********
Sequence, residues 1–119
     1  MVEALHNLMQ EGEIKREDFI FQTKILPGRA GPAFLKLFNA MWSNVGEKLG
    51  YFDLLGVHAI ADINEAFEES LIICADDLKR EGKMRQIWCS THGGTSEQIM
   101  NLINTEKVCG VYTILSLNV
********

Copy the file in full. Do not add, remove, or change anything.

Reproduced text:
Sequence, residues 1–119
     1  MVEALHNLMQ EGEIKREDFI FQTKILPGRA GPAFLKLFNA MWSNVGEKLG
    51  YFDLLGVHAI ADINEAFEES LIICADDLKR EGKMRQIWCS THGGTSEQIM
   101  NLINTEKVCG VYTILSLNV